Ferguson on My Mind

Outside my house, two young African-American boys, maybe 9 or 10, scoot by on skateboards. One is carrying something on a leaf and stops to show me a giant slug. We chat about it a bit; I tell him that I looked up what kind of slug that was recently but now don’t remember.

He tells me the other boy had tried to run over it but he saved it. I give him a smile and thumbs up, not because I have any strong feelings about saving slugs’ lives, but because of the compassionate impulse behind it. He zooms off. A few minutes later the other boy comes back, looking concerned and says “You wanted me?”

“No,” I said, confused.

“You said you wanted me?”

“No, I didn’t.”

“Well, my cousin says you said if I run over any more bugs you’ll call the cops on me.”

This happened a week or so into the martial law in Ferguson, Mo., and so I found it particularly hard not to grab him and just hug him tight, though I didn’t know him from Adam.

But instead, I just said, “Oh my god, sweetie, I would never call the cops on you,” and he took off.

In a better world that exact exchange would still have happened—kids make stuff up like that. It’s their way of figuring out the world, what’s reality, how they can interact with it. But it wouldn’t have hurt to hear in the same way, because pictures of murdered and imprisoned children wouldn’t have immediately flashed in front of my eyes. Because I would have also been able to say things like, “No one will call the cops on you unless you commit a crime,” and “Don’t worry, the cops are here to protect us from real danger, not enforce a random white lady’s idea of how people should behave.”

But this is the country we are living in: one where I couldn’t really say those things. A country in which a recent study found that white female college students tend to over-estimate the age of black boys over the age of 9 by an average of 4.5 years (but accurately identify white boys’ ages), and consider them more culpable when accused of the same infractions.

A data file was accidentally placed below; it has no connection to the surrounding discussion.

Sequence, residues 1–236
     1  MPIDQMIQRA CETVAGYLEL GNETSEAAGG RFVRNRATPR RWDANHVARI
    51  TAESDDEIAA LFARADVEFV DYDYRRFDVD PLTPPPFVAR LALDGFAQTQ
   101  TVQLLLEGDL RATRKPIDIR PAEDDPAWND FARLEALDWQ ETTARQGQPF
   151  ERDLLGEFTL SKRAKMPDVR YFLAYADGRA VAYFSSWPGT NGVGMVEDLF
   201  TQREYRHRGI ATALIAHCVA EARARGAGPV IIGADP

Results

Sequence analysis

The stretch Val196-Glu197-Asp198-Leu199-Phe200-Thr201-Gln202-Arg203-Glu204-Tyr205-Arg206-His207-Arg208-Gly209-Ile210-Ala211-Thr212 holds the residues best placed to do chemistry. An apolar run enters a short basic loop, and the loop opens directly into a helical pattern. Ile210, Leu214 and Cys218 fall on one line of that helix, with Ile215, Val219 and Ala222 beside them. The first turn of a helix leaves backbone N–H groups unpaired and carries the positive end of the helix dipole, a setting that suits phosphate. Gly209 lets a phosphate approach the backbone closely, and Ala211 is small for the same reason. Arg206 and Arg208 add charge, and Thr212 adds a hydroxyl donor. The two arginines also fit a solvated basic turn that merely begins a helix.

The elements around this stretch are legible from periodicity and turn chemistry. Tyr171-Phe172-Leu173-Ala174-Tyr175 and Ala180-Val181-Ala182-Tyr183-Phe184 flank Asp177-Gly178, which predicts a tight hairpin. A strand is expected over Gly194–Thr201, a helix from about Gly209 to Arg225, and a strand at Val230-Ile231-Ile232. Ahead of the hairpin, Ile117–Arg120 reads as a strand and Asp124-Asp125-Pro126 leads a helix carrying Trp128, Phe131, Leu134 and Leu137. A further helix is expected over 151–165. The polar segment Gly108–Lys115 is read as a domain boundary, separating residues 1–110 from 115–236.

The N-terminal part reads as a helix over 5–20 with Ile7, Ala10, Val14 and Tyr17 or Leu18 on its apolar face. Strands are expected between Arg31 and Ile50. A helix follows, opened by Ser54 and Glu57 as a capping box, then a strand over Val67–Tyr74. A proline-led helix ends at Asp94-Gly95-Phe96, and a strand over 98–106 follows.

My exchange with the young cousins was also only a few days after my partner had lost her wallet. 

Whoever found it had taken the debit cards to the grocery and spent a few hundred dollars before the fraud folks were on to them and we canceled the cards.

At that point she held a lengthy social media conversation among friends about whether or not to file an official police report. On the one hand, it’s required to defend yourself against possible later identity theft—a big deal. On the other hand, the chances that someone who would take a found debit card into the local grocery store is someone whom the current legal system would not treat well—to put it mildly—if they got their hands on them is, shall we say, high. We know too much about what involvement in the current punitive and discriminatory system does to someone’s future chances to be sanguine about sending someone into it, especially for petty theft.

It was startling to me how surprising this thought was to so many people, who were at great pains to emphasize the wrongness of the theft. But that was never in dispute. We weren’t trying to naively imagine this person into a Robin Hood.

What we were weighing was whether the likely response if the perpetrator were to be caught would be proportional, fair, or at all useful in preventing it from happening again, or whether it would be an opening for far greater wrongs than we suffered. The answer seemed likely to be the latter. I think it was a moral imperative for us to at least weigh the likely outcomes with the whole context in mind.

The conversation reminded me a little of the flip side of so many people’s need to emphasize the fact that Michael Brown was college-bound in discussing the awfulness of his murder. Let me say this: if the person who had taken my partner’s wallet had been killed by police while unarmed and fleeing or surrendering it would have been just as bad. People don’t just deserve to have their lives considered valuable only when they are squeaky clean, college bound, and meek and unfailingly polite in the face of hostility and antagonism.

All lives matter. Black lives matter. Moving past learned fear to act like all lives matter, matters.

(I first published the above as a column in my local paper. I wanted to share it here too, because I think it's relevant to many Shelterforce readers, and the contexts in which you work.)

(Photo by Blue Skyz Studios, CC BY-NC-ND.)

Miriam Axel-Lute is CEO/editor-in-chief of Shelterforce. She lives in Albany, New York, and is a proud small-city aficionado.


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